Pat Yasinskas: As I’ve said before, I think the Falcons will go defense -- end or outside linebacker -- with their first-round pick. But I won’t totally rule out the possibility of them taking a running back there or with one of their other picks. Turner’s health definitely is a concern after last year. Jason Snelling did some good things, but Jerious Norwood never has fulfilled his potential. I’d like to see the Falcons add a quality running back at some point, but I’m thinking that probably comes after the first round.


Carlos in Panama City writes: Does the Sean Jones signing for the Bucs mean that, if hypothetically both Ndamukong Suh and Gerald McCoy were gone from the board, they wouldn't draft Eric Berry?

Pat Yasinskas: In that situation, I still wouldn’t rule out Berry completely. He’s a top-flight prospect. I like the Jones signing and think it’s definitely an upgrade over Sabby Piscitelli. But Jones never has been an elite safety. Berry has that potential. If the Bucs draft Berry and Jones ends up being a backup and special-teams player, they’d have good depth at safety. Still, the Jones signing gives the Bucs some flexibility. If they can’t get one of the defensive tackles, they don’t have to go with Berry if there is someone they like better at another position.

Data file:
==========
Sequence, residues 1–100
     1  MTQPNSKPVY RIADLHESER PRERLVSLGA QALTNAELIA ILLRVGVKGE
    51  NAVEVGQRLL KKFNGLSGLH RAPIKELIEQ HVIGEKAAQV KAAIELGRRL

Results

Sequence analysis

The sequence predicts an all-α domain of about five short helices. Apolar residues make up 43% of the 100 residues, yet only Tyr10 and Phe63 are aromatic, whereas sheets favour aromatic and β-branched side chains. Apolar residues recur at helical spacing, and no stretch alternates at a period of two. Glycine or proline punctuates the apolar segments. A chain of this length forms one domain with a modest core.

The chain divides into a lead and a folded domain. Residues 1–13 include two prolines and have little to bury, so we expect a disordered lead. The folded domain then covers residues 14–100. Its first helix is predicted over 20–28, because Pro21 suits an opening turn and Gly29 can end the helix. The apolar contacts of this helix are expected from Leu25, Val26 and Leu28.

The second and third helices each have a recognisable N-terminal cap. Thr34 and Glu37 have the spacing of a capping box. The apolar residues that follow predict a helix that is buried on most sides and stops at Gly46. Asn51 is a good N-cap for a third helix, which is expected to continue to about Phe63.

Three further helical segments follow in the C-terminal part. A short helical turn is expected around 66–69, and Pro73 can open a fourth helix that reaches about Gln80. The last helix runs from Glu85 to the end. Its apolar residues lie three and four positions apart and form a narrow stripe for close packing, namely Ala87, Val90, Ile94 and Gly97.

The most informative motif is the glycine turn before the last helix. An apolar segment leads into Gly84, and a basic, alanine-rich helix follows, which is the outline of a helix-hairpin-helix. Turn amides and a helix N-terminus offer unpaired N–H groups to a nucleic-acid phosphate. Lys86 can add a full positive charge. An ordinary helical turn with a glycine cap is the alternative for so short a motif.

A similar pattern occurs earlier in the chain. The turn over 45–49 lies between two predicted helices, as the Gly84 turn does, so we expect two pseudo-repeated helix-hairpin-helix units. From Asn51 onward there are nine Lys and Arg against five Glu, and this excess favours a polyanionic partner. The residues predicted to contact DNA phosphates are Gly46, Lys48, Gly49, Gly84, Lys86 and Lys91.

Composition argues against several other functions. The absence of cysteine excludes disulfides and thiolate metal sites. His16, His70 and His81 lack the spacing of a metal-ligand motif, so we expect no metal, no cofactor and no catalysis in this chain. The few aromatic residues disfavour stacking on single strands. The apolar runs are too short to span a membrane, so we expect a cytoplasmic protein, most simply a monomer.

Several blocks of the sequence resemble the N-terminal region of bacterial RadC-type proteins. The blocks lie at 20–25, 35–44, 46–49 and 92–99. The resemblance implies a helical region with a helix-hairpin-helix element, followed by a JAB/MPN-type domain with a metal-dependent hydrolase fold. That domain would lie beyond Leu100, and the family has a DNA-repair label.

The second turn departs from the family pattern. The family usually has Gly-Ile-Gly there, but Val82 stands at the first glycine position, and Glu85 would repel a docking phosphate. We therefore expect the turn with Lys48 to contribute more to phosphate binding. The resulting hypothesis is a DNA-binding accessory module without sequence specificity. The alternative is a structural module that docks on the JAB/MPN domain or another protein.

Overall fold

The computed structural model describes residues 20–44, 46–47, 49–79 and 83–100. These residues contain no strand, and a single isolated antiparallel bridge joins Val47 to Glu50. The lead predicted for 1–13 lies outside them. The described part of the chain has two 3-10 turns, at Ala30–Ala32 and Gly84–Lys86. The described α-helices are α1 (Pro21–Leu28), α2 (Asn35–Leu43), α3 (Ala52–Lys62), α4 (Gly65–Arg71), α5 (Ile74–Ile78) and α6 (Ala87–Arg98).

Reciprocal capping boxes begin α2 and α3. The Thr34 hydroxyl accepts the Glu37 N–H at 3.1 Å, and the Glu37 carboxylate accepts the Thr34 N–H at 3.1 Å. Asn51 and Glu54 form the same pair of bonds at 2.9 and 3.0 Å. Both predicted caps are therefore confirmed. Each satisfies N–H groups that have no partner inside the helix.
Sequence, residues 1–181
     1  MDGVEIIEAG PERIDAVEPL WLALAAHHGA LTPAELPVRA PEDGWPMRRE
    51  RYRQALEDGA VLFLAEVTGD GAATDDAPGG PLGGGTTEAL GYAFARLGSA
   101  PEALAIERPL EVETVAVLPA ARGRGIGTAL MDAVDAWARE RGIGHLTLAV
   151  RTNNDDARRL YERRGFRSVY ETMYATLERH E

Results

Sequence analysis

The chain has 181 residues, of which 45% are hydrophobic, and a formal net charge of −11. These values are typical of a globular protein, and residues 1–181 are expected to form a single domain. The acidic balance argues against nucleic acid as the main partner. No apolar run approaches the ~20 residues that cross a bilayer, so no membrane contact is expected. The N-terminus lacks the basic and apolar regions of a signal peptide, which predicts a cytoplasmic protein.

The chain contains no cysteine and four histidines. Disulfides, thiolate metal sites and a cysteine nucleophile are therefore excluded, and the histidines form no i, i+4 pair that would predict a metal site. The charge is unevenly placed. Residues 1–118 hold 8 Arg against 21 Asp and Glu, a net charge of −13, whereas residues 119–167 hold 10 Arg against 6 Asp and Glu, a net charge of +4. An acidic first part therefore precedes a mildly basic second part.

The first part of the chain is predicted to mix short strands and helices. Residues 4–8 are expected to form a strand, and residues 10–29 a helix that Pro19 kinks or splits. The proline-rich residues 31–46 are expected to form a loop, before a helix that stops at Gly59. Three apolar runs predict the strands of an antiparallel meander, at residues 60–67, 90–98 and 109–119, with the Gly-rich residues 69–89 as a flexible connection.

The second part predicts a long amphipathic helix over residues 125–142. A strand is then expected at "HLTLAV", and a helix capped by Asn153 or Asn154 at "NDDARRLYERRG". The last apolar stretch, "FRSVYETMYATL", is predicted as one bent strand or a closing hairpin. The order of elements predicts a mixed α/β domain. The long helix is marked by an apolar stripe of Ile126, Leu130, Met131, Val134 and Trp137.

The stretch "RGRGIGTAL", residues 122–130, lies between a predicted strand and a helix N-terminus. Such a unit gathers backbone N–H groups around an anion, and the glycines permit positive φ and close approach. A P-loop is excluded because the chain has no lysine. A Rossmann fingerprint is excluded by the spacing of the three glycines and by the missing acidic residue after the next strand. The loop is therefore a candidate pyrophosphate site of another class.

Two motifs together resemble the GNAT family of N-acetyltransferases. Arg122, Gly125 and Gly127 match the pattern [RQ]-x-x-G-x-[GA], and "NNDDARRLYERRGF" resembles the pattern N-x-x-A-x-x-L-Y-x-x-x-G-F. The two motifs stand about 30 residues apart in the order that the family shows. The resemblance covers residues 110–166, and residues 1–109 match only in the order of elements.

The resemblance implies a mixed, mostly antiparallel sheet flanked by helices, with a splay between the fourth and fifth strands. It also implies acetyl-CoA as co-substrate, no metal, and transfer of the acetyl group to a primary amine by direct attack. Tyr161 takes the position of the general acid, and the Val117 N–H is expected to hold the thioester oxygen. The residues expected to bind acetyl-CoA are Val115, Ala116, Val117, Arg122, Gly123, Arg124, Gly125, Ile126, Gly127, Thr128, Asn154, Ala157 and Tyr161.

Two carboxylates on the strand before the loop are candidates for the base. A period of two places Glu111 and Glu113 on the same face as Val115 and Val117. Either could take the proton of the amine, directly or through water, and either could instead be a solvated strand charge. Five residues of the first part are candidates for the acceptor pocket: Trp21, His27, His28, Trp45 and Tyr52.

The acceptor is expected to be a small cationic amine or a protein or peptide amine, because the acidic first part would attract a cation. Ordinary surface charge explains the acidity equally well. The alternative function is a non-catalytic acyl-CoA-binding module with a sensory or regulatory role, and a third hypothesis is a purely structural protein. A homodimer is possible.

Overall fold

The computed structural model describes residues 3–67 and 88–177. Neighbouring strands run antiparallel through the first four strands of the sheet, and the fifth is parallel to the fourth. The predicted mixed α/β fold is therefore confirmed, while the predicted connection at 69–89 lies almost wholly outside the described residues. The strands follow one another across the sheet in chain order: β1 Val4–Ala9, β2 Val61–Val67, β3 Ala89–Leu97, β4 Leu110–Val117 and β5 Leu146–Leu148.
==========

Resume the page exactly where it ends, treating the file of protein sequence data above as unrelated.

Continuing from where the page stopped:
NFC South Sunday mailbag

March, 14, 2010
3/14/10
4:02
PM ET
Dwight in Atlanta writes: Do you know where I could find out which pro days the Falcons have/will attend?

Pat Yasinskas: I can guarantee you the Falcons will have someone at virtually every pro day workout. That’s common practice with all NFL teams. Now, it may be just one scout at some workouts. But they’ll have scouts, assistant coaches, coach Mike Smith and general manager Thomas Dimitroff at other workouts. Smith and Dimitroff don’t publicize their schedule for these things. But keep an eye on the newspapers in the college towns. After the workout, they generally mention who attended.

Bobby in Burlington, NC writes: Please tell me Steve Smith isn't being traded anywhere. The way they have been cleaning house it makes me nervous.